According to the storyline, it was an inside job, a corrupt salesman handing customer details to the thieves, making him complicit in their targeting of worthwhile victims. This may be entirely fictional, or it may be a fact of life in Manhattan, yet it does add not only to the drama but to the understanding of the scale to which watch theft has expanded, as well as the professionalism.

Watch theft bluebloods
Blue Bloods “Life During Wartime” episode.

It was the second incident which bothered me even more, because it happened to a friend who shall remain anonymous. Suffice it to say, he is both a senior figure in our industry and, to aggravate matters, a senior citizen.

In broad daylight, in the middle of Mayfair, surrounded by onlookers, while attempting to enter a taxi, he was accosted by two men. One grabbed his legs, the other his arm, the latter expertly knowing how to open the deployant clasp of his watch. It was over in seconds.

This friend knows categorically that he was targeted, that it was not an impulse theft by discerning opportunists. Despite this, he noticed how slickly and efficiently the theft took place, while still suffering post-traumatic effects. I repeat: this was a watch industry veteran, and a life-long Londoner – not an unsuspecting tourist.

This is, sadly, nothing new. One of the earliest examples of watch theft that alerted the mainstream to the crime wave was the mugging of former F1-supremo Bernie Ecclestone, beaten up for his Hublot Big Bang in 2010.

While this was famously turned into an advertisement for the brand, touting the Big Bang’s alleged desirability, the gravity of the matter was palpable, accompanied as it was by photos of a seriously bruised and bloodied Ecclestone. It was inescapably real.

Equally, and although fictional, the Blue Bloods episode taught me that the trend isn’t confined to what an online list from a couple of years ago identified as the places most likely where this will happen: London, Paris, parts of Italy, Barcelona, etc. To that, if Blue Bloods’ story was based on actual events, you can add New York City.

Why would I assume that this is now a reality in the Big Apple? Simple: I am an ex-pat Yank who is painfully aware of how parochial even the most sophisticated of my fellow countrymen can be. I doubt they’re au fait with street thefts in London or Paris. Their interest ends at Long Island. But as to which major city has it the worst, a number of articles touting London as rapidly claiming the title, though the honour is fluid.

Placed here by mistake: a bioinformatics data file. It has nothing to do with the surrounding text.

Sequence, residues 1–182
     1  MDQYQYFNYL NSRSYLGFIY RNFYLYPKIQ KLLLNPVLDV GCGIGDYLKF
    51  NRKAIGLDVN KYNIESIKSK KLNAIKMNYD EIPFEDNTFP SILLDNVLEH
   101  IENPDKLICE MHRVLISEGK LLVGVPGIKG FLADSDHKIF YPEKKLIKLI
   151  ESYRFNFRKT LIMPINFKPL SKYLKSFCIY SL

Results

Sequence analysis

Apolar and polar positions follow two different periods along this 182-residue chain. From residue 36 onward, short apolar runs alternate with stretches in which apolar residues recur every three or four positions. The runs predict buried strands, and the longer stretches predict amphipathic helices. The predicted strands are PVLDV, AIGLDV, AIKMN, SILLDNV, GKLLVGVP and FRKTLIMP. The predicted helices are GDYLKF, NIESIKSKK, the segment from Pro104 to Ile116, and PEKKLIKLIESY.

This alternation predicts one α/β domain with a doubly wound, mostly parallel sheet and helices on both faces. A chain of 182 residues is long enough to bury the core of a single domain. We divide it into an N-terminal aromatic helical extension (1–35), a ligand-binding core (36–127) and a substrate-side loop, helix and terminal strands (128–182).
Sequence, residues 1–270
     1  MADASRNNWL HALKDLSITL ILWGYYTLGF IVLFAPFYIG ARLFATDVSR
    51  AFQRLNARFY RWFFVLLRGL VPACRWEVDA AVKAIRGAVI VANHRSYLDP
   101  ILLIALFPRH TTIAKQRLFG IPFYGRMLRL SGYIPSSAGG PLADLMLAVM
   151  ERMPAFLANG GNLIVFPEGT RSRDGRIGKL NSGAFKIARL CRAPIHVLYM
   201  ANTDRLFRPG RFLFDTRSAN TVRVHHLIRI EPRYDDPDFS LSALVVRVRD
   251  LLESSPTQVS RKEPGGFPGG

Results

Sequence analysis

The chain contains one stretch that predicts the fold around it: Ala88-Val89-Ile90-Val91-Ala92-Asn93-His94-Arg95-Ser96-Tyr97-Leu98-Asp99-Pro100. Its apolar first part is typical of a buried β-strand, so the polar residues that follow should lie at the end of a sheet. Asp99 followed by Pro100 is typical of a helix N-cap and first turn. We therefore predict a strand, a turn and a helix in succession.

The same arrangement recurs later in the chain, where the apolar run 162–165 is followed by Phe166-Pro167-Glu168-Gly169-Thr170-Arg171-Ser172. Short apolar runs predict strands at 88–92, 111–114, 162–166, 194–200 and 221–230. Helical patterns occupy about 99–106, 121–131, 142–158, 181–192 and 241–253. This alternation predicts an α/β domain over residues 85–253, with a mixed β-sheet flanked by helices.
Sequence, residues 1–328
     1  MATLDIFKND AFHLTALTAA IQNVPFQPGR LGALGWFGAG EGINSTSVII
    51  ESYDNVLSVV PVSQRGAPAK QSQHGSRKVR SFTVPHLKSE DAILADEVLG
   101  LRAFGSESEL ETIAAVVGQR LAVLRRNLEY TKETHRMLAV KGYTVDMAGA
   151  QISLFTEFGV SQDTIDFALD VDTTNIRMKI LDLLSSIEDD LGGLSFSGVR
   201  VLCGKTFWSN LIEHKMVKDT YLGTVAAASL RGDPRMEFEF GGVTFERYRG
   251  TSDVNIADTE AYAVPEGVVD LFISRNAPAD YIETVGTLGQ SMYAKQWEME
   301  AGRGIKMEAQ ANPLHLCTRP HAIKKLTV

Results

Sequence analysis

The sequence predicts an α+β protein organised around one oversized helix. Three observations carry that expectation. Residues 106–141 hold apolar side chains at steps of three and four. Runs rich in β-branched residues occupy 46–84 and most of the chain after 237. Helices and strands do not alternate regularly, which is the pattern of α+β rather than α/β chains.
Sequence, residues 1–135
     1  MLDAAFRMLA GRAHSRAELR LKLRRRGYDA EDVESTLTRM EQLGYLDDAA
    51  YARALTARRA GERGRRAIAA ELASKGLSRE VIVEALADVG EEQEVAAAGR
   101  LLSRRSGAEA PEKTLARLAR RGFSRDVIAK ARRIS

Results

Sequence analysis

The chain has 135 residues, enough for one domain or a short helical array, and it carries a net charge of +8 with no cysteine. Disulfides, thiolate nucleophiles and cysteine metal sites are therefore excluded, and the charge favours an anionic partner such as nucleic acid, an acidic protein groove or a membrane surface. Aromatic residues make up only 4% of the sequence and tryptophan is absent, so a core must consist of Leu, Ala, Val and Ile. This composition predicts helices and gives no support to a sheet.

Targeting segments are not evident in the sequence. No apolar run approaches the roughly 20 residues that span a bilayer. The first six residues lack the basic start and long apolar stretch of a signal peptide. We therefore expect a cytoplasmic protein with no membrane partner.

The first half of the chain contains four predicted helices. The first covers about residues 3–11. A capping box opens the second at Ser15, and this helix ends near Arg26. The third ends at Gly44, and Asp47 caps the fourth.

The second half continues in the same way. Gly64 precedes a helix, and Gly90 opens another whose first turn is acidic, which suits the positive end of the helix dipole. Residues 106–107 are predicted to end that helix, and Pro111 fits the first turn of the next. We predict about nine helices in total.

Noted luxury magazine Robb Report ran a feature in December 2022, courtesy of news service Bloomberg, citing that Los Angeles County Sheriff’s Department had seen “over 200 thefts involving at least one watch valued at $5,000 or more from January to mid-November this year.” They went on to reveal that it represented nearly a 30% increase in watch robberies over the same 11-month period in 2021.

One almost expects that of Los Angeles, given America’s gun laws. But we in the relative firearm-free UK cannot be complacent. Robb Report followed that revelation about LA with the London’s Metropolitan Police noting that between January and September of 2022, “nearly 700 Rolex watches and nearly 100 Patek Philippe watches were stolen within London city limits.” Compounding the horror? Knifepoint robberies in London were up by 60% just between May and June 2022.

For some years, this horrible trend has been regarded as something which only happens (if at all) to wealthy people, which – given the attitudes in contemporary society – usually has an undertone of “serves-them-right,” or “they can afford it,” or “they’re insured.”

That misses the point. It has become the more dangerous horological equivalent of the envy-driven low-life who keys luxury cars, though that is more of a political statement than a method of gain.

Watch theft is now a violent crime, and is, at the very least, robbing watch enthusiasts – your customers – twice. First it’s their watch that is stolen. Then it’s the joy of owning and wearing fine timepieces. And for this industry? That’s tragic.

Leave a comment

Your email address will not be published. Required fields are marked *